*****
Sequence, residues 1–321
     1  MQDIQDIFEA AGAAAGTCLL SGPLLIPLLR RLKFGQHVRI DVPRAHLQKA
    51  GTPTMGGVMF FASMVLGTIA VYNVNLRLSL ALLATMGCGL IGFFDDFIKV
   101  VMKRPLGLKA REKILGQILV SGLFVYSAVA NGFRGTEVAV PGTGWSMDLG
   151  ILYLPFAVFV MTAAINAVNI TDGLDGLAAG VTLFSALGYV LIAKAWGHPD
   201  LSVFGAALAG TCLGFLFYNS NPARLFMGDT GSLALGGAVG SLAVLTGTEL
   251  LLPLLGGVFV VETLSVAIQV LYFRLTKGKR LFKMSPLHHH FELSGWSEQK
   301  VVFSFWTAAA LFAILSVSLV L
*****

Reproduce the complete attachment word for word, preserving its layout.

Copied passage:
Sequence, residues 1–321
     1  MQDIQDIFEA AGAAAGTCLL SGPLLIPLLR RLKFGQHVRI DVPRAHLQKA
    51  GTPTMGGVMF FASMVLGTIA VYNVNLRLSL ALLATMGCGL IGFFDDFIKV
   101  VMKRPLGLKA REKILGQILV SGLFVYSAVA NGFRGTEVAV PGTGWSMDLG
   151  ILYLPFAVFV MTAAINAVNI TDGLDGLAAG VTLFSALGYV LIAKAWGHPD
   201  LSVFGAALAG TCLGFLFYNS NPARLFMGDT GSLALGGAVG SLAVLTGTEL
   251  LLPLLGGVFV VETLSVAIQV LYFRLTKGKR LFKMSPLHHH FELSGWSEQK
   301  VVFSFWTAAA LFAILSVSLV L